Featured Fall 2020 Work
Damage and Repair
Madeline England MA Thesis Exhibition
This solo exhibition Madeline England: Damage and Repair features the work created in the MA program at UA Little Rock. England has created a series of sculptural objects incorporating ceramics and mixed media.
Her work is about damage and repair. Each piece showcases a different fibrous display of color and energy, eluding to a spectrum of positive growth.
Madeline England states: “I’m using damaged architectural structures, undergoing fibrous restoration to represent positive healing after grief and trauma. It’s to promote letting go of self destructive behaviors after experiencing emotional and mental damage, which is something I’ve struggled with.”
A virtual artist talk will take place December 4th at 6pm via Zoom. For details regarding this event, please email Madeline at email@example.com.
Ann Maners and Alex Pappas Gallery (WCAD, Level 1)
November 20, 2020 – December 16, 2020
MA – Ceramics
My work is about personal growth resulting from cycles of damage and repair. The visual discussion of growth emerges through the use of damaged architectural structures undergoing regeneration. The transition period from breakdown to breakthrough is an important element in my work. It’s about the process of evolving into a more optimistic being after experiencing emotional and mental deterioration. Visualizing collapse and emergence through this body of work represents the choice to approach healing in a positive and healthy way, through time and determination.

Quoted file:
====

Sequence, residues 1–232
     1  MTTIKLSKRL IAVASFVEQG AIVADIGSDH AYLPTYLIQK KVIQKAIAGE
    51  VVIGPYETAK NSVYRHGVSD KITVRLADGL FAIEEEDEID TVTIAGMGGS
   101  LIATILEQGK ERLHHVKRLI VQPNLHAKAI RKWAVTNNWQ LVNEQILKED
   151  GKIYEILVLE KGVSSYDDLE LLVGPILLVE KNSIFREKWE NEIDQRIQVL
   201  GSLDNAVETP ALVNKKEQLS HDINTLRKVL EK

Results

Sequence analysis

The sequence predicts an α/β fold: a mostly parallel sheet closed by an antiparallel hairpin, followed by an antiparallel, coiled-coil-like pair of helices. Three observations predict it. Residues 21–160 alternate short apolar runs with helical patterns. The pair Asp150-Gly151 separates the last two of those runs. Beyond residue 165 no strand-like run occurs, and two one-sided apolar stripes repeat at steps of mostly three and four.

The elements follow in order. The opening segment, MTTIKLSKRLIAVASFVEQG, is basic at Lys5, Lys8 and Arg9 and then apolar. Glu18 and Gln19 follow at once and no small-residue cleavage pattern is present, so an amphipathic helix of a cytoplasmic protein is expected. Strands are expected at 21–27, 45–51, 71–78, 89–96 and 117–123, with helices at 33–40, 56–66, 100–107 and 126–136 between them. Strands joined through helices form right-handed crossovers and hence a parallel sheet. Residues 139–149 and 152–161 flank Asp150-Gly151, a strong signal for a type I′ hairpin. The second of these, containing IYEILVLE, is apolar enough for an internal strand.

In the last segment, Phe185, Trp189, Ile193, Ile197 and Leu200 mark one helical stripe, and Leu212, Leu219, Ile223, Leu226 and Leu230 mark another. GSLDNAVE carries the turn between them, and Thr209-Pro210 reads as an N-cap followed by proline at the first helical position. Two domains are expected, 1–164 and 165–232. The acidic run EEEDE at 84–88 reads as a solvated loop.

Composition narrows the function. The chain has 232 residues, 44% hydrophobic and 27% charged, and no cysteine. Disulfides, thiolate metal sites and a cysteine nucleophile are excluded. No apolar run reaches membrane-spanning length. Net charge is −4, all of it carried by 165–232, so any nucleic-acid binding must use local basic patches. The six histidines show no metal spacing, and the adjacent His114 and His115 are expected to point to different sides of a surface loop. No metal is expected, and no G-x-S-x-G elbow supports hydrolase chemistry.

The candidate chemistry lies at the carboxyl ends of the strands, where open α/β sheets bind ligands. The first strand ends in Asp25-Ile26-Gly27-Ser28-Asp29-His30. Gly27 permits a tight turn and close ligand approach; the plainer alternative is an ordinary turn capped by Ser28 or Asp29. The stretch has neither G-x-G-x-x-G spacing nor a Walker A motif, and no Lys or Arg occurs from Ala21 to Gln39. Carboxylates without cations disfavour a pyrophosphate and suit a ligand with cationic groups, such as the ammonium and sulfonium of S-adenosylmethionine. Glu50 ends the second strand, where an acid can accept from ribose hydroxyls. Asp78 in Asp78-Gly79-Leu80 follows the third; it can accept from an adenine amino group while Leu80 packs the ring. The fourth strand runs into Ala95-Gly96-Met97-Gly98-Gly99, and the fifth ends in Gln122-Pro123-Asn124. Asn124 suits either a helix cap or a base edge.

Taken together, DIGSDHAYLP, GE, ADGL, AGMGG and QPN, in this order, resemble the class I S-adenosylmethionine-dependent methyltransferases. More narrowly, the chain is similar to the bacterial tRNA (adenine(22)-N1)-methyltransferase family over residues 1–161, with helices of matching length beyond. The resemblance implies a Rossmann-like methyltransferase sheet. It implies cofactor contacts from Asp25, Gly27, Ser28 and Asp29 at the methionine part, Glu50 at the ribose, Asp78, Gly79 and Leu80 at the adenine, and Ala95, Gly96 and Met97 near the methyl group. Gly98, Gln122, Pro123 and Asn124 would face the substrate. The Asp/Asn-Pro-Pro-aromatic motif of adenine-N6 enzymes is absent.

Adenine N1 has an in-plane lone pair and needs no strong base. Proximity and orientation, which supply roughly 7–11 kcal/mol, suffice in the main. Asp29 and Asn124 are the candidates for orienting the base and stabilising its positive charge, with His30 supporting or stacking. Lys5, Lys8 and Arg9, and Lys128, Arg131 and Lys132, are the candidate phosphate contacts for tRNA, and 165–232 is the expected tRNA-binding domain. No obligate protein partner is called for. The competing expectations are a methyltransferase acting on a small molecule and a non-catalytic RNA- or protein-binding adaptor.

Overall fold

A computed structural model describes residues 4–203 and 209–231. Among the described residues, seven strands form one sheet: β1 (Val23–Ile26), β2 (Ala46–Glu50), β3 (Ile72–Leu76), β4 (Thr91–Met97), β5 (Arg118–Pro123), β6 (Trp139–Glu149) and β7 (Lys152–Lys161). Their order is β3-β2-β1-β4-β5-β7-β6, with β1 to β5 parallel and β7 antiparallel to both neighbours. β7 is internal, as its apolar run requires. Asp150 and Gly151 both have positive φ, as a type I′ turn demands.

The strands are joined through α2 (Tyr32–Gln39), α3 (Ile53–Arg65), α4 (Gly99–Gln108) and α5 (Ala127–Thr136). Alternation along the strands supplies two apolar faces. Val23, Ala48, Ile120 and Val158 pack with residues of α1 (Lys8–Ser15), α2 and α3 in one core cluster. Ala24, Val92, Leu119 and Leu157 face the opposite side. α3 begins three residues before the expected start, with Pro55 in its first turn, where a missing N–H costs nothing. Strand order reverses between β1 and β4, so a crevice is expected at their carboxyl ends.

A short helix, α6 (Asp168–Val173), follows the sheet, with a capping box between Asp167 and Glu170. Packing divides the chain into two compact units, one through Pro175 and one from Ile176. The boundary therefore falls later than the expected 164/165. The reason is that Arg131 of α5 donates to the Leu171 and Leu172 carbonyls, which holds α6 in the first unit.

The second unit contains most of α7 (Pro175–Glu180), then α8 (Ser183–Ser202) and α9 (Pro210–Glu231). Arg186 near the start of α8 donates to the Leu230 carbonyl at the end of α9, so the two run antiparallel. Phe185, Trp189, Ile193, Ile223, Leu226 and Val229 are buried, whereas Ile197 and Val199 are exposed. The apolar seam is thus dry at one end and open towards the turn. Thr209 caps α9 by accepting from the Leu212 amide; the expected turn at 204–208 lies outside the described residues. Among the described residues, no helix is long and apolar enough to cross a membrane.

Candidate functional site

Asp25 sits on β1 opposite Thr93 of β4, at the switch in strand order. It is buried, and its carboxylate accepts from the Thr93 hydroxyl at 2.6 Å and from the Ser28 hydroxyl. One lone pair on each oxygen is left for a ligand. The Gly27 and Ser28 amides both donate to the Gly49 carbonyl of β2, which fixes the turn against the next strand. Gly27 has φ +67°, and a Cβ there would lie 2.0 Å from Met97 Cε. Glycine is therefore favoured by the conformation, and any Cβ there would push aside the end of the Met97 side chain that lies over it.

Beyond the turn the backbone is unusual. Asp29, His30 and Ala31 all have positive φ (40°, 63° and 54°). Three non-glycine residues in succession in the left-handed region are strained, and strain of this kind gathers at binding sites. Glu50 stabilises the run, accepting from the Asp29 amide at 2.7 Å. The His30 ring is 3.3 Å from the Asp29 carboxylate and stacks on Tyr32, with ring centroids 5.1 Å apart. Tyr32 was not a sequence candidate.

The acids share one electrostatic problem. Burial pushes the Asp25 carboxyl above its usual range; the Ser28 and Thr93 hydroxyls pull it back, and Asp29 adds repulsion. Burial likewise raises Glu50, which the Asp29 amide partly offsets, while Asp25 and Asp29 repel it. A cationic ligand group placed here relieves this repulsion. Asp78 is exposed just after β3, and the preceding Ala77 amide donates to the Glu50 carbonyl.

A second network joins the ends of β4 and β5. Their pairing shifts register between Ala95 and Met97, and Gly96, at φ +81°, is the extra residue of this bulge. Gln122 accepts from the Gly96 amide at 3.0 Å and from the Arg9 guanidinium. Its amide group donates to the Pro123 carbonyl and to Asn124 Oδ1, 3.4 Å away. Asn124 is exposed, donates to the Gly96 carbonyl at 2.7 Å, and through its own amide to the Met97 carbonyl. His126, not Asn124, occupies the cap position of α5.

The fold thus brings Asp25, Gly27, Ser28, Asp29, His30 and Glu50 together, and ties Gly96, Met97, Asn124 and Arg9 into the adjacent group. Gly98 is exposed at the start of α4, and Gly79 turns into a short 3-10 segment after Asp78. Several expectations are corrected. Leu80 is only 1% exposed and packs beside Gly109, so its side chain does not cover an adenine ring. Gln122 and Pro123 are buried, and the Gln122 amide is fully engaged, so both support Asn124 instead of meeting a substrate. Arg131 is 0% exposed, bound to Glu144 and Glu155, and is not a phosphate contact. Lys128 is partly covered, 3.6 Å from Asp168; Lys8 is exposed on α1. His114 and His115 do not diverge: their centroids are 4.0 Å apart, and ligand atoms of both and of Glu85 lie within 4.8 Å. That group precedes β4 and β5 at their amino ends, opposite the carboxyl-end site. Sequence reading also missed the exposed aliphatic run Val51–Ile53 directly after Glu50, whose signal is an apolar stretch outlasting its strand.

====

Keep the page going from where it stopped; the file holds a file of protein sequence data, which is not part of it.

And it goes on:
This work explores architectural structures, which I make from clay, especially those that offer us support and safety. I chose clay for its transitional nature. It lives through so much change, yet asking us to be patient with it at the same time. My work considers the comparative nature of humans and structures and the shared fragility between the two. The structures are broken, showing their inner wire skeleton and vulnerability. A main characteristic of architecture is the expectation of durability and longevity. This expectation is synonymous with life, though despite efforts to meet them, breakdowns are bound to happen. The response to these difficult experiences is what measures one’s level of growth. Energetic beauty emerges from a breakdown, as represented by colorful and textured fibers woven into skeletal wire remains. Fiber’s tactility suggests comfort, familiarity, and intimacy. The fiber is important because its warmth honors the damage while promoting acceptance among the change. The fiber design process requires a lot of time and patience, as does healing.
Growing through pain is important. Subscribing to anger can promote self-destruction, whereas an investment in the process of healing can foster a balanced restoration with new capacities. The work is a reminder that with time, patience, and determination, it is possible to undergo positive personal repair after mental and emotional damage.